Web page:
If you want to design a new landscape or you intend to renovate your garden, you may be overwhelmed about how to start. But it doesn't have to be so.
Good landscaping should begin with some research. During this phase, you will get inspiration about the style, size, layout, aesthetic effect, and purpose you want to achieve in your garden. To simplify the process of creating a landscape, here are some elements to consider when you want to create a beautiful landscape in your yard.
1. Begin with a Plan
Every successful project starts with a detailed plan. So invest sufficient time to plan the design of your landscaping project. Every hour you invest in examining your yard, drawing up a survey of your property, and laying out the location of borders, trees, plants, and outdoor seating, will be richly rewarded in the future.
Here are some tips you can incorporate into your landscape design:
* Get an overhead view of your property: Draw a layout showing all the structures, fences, stone walls, trees, large shrubs, and items that are not likely to change position.
* Note underground fixtures: Take special note of the location of buried utility lines, wells, and septic tanks (if present).
* Note windy, shady, and sunny spots.
After taking those initial steps, you need to stretch your imagination a bit. Ask yourself a few questions to develop a wish list:
* How do I want my garden to look?
* Do I need a spot for privacy?
* How do I increase curb appeal to boost resale value?
* What are the successful plants I have in my yard already?
* What spots in my garden lack foliage or color?
Write down your answers so you can make detailed shopping lists for plants, tools, and landscaping supplies. This will also in turn give you a good idea of just how much you’ll need to set aside for the project.
2. Put Your Tools Together
As a beginner gardener, you may be shocked by the large array of tools in a gardening supply store or similar home improvement outlets. However, instead of cluttering your shed with expensive tools, the best strategy is to choose those essential high-quality tools that will get you the results you need. Some of those essentials you need to include:
* Hand Gloves: Get those that cover and protect your hand up to your wrist and make sure the materials can be tough enough to withstand potential thorn pricks also.
* Hori-hori: This Japanese gardening knife can perform the function of three hand tools. Use it for cutting, slicing, weeding, and digging.
Other tools you need to include are a hand pruner, hand rake, row rake, digging fork, round-headed shovel, transplant spade, digging bar, water hose, and water wand.
3. Do Soil Testing
Soil testing is an essential aspect of garden maintenance and landscaping. While some people overlook it, you can't grow plants successfully without studying the type of soil and its nutritional content.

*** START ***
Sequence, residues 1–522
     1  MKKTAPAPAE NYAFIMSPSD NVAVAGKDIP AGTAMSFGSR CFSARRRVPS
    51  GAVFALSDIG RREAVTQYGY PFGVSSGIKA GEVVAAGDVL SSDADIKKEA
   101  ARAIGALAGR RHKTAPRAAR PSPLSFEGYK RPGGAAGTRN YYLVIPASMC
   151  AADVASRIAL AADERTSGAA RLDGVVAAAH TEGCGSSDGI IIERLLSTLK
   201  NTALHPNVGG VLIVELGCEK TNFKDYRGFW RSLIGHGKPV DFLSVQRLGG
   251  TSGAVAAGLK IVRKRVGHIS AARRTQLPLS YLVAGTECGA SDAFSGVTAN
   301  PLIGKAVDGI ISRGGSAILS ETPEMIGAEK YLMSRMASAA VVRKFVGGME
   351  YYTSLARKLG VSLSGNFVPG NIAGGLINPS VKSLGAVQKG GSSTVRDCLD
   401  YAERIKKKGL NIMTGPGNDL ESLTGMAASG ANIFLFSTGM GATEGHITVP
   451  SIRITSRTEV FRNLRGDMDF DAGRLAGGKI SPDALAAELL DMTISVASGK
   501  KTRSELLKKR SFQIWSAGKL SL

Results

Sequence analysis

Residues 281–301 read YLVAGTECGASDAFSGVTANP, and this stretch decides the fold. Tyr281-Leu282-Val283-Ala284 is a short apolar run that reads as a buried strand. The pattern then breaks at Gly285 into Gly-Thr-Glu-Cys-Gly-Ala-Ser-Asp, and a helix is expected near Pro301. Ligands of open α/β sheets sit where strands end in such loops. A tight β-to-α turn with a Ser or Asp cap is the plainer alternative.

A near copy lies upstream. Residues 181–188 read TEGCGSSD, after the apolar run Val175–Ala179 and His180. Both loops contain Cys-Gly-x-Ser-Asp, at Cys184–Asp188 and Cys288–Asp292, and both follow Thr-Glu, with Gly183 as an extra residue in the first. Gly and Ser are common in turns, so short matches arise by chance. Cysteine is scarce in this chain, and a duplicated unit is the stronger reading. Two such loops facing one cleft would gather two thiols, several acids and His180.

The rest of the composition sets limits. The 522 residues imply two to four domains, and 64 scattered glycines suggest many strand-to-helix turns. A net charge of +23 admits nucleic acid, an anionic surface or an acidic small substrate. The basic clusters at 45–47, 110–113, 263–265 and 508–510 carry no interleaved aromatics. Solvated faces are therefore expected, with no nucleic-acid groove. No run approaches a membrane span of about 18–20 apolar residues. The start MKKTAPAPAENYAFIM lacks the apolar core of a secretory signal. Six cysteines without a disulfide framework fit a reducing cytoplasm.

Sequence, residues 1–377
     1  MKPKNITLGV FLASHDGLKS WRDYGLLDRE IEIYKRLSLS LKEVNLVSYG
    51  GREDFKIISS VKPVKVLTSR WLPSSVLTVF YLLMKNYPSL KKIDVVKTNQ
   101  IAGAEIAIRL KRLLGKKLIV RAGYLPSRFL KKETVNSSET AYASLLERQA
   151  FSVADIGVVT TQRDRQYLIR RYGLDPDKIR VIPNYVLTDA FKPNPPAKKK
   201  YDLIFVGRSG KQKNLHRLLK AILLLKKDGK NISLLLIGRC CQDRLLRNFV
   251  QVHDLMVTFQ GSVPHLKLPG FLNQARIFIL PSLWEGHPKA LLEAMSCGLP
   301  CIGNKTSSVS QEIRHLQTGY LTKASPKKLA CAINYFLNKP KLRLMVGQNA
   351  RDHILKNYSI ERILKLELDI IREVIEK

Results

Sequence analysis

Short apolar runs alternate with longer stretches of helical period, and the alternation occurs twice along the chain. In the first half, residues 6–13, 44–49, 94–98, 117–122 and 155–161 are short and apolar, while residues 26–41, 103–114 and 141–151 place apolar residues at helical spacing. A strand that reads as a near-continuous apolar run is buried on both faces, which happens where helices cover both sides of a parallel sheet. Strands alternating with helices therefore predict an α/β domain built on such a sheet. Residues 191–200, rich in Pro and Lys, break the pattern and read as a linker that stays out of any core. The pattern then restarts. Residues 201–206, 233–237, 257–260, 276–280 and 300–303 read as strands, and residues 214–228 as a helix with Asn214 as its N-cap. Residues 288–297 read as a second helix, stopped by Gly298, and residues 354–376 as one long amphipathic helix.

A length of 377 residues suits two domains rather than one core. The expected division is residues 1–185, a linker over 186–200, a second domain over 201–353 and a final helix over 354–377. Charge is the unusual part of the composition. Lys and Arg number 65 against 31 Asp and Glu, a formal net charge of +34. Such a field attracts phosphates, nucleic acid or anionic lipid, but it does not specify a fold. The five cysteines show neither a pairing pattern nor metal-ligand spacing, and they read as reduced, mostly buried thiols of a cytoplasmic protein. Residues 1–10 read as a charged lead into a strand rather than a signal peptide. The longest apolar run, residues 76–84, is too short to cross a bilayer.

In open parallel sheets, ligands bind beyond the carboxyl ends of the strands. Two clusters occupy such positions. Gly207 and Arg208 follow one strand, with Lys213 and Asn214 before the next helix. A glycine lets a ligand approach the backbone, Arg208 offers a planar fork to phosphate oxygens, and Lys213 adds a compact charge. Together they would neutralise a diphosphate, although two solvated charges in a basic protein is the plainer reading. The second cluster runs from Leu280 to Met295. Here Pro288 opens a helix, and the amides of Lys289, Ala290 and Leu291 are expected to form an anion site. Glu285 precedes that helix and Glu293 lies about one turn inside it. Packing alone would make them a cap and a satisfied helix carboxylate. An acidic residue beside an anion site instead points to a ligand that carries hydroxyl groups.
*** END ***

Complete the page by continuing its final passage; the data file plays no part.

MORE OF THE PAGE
Test your soil early. Then you will know its present condition and the type of compounds, nutrients, or treatment you need to apply to improve the soil quality.
As a beginner, you can easily find out if you have alkaline or acidic soil. A soil that fizzes when a small amount is placed in a cup of vinegar is alkaline. On the other hand, soil that fizzes when a small amount is placed in a cup of baking soda solution is acidic.
4. Choose Your Location Carefully
Before you start making any choices, look at where the sun rises and sets. Study or recount the wind patterns at different seasons of the year. These observations will help you to set up your patio in the right spot and allow you to enjoy the sunshine and a cool breeze during summer.
5. Plan a Water Feature
Find a safe location where there are no underground utility lines. (The earlier mapping of your yard will come in handy at this stage). The selected area must have adequate sunlight, so your aquatic plants can thrive.
A flat portion of land measuring about 10 by 12 feet would be ideal for you to include a garden fountain. Avoid sloppy areas to prevent runoff and potentially washing away lawn fertilizers into your pond.
After defining your pond area, you can leave it for a while and get additional help or prepare to take on the task of digging, cementing, and installing a small water fountain.
6. Plant in Phases
Schedule your landscaping in distinct phases. Don't be tempted to start with the plants. Put your hardscape in place first. Define the edges of your lawn with concrete, rocks, ceramic tiles, or other boundary marking material. After that, you can start planting.
Begin with trees and shrubs, moving from your house outward. Remember to leave adequate space for the trees and shrubs to grow when they become mature. Next, layout your beds with a rope or hose.
7. Create a Relaxation Spot
Find and separate a place to relax and recreate. Your ideal spot should be sheltered from the scorching sun. You may also want to have a place where you can enjoy the warmth of the sun during the colder months.
Use ornamental grasses and big shrubs to shield the area for relaxation. Add some weather-resistant seating arrangement with concrete or durable wood.
With a well-planned landscape design, you can start small and spread the project out over several years. This of course depends on how quickly you want to see it come to fruition and the financial outlay that might be involved. Additionally, as you get better at gardening, you may rearrange or makeover your landscape to suit new styles and meet the needs of everyone in your family.